T – Thanksgiving Thursday
F- Forgiveness Friday
S – Sanctification Saturday
S – Surrender Sunday
Theologian and Pastor R.C. Sproul never knew me and I never got a chance to meet him. However, Pastor R.C. has had a big impact in my life with his knowledge and teaching of the scriptures. Pastor R.C. went home to be with the Lord on Dec. 14, 2017. Below is an article he previously wrote online about “The Christian Virtue of Love.”
How many people do you know that have made it to the hall of fame in music, art, literature, or sports because of their love? We elevate people to the status of heroes because of their gifts, their talents, and their power, but not because of their love. Yet, from God’s perspective, love is the chief of all virtues. But what is love?
Love is said to make the world go round, and romantic love certainly makes the culture go round in terms of advertising and entertainment. We never seem to tire of stories that focus on romance. But we’re not referring to romantic love when we speak of the Christian virtue of love. We’re talking about a much deeper dimension of love, a virtue so paramount that it is to distinguish Christians from all other people. Moreover, love is so important to the Bible’s teachings that John tells us, “God is love” (1 John 4:7–8). Whatever else we say about the Christian virtue of love, we must be clear that the love God commands is a love that imitates His own. The love of God is utterly perfect. And we are called to reflect and mirror that love to perfection, to be perfect as He is perfect (Matt. 5:48). Now, of course, none of us loves perfectly, which is why we must be covered with the perfect righteousness of Christ by faith in Him alone. Nevertheless, it’s important for us to return time and again to Scripture to find out what love is supposed to look like, for we’re so easily satisfied with a sentimental, maudlin, romantic, or superficial understanding of love.
First Corinthians 13 plumbs the depths of what love really means. It’s a measuring rod by which we can examine ourselves carefully to see whether this love resides in our hearts and is manifested in our lives. Given that truth, I’m surprised that 1 Corinthians 13 is one of the most popular passages in all of Scripture instead of being one of the most despised. I can’t think of any chapter in Scripture that more quickly reveals our sins than this chapter. It’s popularity may be due to its being one of the most misunderstood and least applied chapters in the Bible. There’s a sense in which we’re ambivalent toward it. We’re drawn to it because of the grandeur of its theme and the eloquence of its language, yet at the same time we’re repulsed by this chapter because it reveals our shortcomings. We want to keep some safe distance from it because it so clearly demonstrates to us our lack of real love.
This chapter is part of an Apostolic admonition to Christians who were torn apart by contentions in the church. They were behaving in an immature, fleshly manner, and at the heart of this ungodly behavior was a manifestation of certain talents, abilities, and gifts without the presence of love in their lives. In the opening verses, Paul speaks of love as the sine qua non of Christian virtue (1 Cor. 13:1–3). He’s speaking with hyperbole, intentionally exaggerating things to make his point. He starts off comparing love to the gift of tongues. Paul says, in effect, “I don’t care if you are fluent in fifty languages or if you have the gift to speak foreign languages miraculously. I don’t care if God has endowed you with the ability to speak the language of the heavenly host. If you don’t have love, the eloquence of your speech becomes noise. It becomes dissonance, an irritating and annoying racket.” He says here that if we speak in the tongues of men and of angels but have not love, we become a sounding brass or a clanging symbol—mere noise. All the beauty of speech is lost when love is absent.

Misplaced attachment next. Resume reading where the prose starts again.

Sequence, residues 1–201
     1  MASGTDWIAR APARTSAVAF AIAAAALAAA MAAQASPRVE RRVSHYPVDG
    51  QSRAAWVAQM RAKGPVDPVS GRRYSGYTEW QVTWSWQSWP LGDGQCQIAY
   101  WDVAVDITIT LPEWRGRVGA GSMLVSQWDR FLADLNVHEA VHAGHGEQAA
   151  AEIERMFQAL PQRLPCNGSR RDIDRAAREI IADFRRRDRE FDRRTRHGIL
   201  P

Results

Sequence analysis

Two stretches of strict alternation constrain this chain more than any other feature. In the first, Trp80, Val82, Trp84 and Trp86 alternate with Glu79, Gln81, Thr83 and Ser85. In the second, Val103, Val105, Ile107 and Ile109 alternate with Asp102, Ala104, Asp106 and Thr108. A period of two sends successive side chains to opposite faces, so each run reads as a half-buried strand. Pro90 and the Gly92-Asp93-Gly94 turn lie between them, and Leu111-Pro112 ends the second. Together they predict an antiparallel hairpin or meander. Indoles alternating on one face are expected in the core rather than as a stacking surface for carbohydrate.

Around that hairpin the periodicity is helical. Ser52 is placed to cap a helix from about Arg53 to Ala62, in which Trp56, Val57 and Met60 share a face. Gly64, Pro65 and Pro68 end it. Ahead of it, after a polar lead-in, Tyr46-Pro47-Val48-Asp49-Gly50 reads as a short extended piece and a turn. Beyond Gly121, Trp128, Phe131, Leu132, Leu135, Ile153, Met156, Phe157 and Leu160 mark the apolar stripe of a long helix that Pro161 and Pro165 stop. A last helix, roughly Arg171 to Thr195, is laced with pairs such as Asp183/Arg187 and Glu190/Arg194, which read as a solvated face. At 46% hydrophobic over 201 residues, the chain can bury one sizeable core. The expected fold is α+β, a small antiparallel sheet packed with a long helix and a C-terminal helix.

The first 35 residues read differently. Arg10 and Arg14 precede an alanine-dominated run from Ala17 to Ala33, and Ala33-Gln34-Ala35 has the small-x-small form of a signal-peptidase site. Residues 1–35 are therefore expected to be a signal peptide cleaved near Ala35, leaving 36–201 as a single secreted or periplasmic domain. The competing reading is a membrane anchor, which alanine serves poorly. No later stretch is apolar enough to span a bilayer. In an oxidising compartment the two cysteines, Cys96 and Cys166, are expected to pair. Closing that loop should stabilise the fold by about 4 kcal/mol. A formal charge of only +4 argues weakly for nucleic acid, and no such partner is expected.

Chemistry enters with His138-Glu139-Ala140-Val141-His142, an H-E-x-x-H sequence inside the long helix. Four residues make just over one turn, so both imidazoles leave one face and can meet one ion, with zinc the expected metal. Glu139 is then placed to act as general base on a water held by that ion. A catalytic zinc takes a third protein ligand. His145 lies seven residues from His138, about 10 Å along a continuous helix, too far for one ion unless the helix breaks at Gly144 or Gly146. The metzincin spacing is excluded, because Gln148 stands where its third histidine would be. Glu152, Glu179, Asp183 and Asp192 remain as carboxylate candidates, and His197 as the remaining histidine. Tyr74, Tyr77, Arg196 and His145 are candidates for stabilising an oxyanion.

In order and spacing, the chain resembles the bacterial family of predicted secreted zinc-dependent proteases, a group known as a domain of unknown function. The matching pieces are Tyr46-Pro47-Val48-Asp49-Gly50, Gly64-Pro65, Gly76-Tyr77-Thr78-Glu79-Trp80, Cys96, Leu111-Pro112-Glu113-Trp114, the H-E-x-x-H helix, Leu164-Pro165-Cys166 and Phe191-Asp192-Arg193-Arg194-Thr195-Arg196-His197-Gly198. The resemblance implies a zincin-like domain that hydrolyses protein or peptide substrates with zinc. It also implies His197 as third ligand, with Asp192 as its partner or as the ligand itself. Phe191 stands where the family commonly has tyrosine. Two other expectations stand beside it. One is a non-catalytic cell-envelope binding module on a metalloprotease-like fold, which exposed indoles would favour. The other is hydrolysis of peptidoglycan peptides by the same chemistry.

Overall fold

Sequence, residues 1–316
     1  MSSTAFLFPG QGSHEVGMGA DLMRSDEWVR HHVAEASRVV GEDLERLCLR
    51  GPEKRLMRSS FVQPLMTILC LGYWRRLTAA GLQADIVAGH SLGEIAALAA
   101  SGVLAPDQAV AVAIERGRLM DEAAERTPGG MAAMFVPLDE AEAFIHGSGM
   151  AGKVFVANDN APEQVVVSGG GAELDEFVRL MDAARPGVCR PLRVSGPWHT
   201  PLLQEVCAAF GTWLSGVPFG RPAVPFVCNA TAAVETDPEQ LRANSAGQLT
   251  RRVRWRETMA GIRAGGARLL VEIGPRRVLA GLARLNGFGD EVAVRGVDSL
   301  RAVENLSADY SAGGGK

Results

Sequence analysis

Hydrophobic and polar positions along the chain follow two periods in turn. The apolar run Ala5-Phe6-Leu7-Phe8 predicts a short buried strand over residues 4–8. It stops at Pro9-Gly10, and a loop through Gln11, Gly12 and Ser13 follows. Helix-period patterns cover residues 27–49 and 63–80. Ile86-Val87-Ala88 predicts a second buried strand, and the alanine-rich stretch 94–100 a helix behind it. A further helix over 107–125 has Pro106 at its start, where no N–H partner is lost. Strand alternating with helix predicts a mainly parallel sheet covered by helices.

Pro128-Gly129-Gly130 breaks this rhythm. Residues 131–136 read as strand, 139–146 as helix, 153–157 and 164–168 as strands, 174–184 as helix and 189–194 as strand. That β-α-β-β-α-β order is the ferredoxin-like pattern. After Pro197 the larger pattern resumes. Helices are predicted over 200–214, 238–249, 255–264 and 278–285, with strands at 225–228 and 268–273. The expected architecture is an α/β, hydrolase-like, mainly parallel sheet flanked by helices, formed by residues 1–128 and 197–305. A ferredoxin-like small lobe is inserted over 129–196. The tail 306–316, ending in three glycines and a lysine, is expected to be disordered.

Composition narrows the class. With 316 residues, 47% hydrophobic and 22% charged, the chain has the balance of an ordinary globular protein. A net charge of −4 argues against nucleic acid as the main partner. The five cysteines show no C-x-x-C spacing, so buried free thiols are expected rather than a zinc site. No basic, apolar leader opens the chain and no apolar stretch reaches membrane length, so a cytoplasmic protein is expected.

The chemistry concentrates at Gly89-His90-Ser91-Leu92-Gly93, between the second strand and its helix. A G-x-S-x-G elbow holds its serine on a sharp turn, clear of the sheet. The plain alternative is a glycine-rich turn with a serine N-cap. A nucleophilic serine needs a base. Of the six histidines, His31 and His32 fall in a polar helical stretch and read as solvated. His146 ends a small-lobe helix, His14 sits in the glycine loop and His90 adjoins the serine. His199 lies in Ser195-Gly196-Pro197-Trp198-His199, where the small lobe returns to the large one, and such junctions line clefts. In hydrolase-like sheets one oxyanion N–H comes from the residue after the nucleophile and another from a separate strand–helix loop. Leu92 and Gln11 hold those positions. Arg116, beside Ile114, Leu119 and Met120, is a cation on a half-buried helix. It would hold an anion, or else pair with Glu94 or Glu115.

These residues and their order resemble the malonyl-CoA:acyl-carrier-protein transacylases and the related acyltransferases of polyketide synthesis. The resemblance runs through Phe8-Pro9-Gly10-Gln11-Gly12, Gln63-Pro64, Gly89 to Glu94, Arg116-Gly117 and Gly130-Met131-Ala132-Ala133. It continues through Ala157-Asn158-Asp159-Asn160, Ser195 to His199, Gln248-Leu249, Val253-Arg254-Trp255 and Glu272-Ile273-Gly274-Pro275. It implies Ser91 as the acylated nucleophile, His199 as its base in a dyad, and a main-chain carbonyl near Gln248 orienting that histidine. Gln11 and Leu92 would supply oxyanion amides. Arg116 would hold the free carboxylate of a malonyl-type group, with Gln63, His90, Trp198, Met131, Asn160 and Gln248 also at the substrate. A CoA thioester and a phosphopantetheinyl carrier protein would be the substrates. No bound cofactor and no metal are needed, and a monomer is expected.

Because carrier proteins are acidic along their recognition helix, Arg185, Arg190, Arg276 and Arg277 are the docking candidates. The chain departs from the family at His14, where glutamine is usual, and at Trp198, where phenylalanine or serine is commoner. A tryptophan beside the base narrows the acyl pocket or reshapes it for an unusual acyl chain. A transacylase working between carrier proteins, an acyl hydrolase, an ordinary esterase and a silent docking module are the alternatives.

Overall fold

Paul then compares love to the gifts of prophecy and understanding, miraculous endowments that God gave to people during the Apostolic era. These tremendous gifts were nothing compared to love. The Apostle says that you can have a miraculous endowment, you can receive power from God the Holy Spirit, but it is to be used in the context of the grace of love. And without that love, the use of the divine power is a charade. Jesus had to warn even His own disciples about the danger of using a God-given gift without love. Jesus empowered His disciples to participate in His ministry of exorcism, and they went out on their mission and came back clicking their heels. They were so excited at the effectiveness of their ministry that they were rejoicing in the power Christ had given them. But what did Jesus say? Don’t rejoice because you have been given power over Satan, but rejoice that your names have been written in heaven (Luke 10:1–20). The disciples were caught up with the power instead of the grace that was underlying that power. They were intoxicated with the gift, and were forgetting the One who gave it.
The bottom line is that the gifts of God can be used without love. When that happens, their value is destroyed. The essence of love, 1 Corinthians 13 tells us, is to seek the welfare of others. A person who reflects God’s love is driven to give of himself for others, not to wield his power for his own benefit. But we are people who are more interested in power, in doing rather than being. We’re more concerned to seize the supernatural power that God can give rather than the supernatural love that is shed abroad in our hearts by the Holy Spirit (Rom. 5:5). We have misplaced priorities. Thanks be to God that His love for us is greater than our love for Him. May He strengthen us to pursue love above all else, a love that reflects His love for us in Christ (5:8).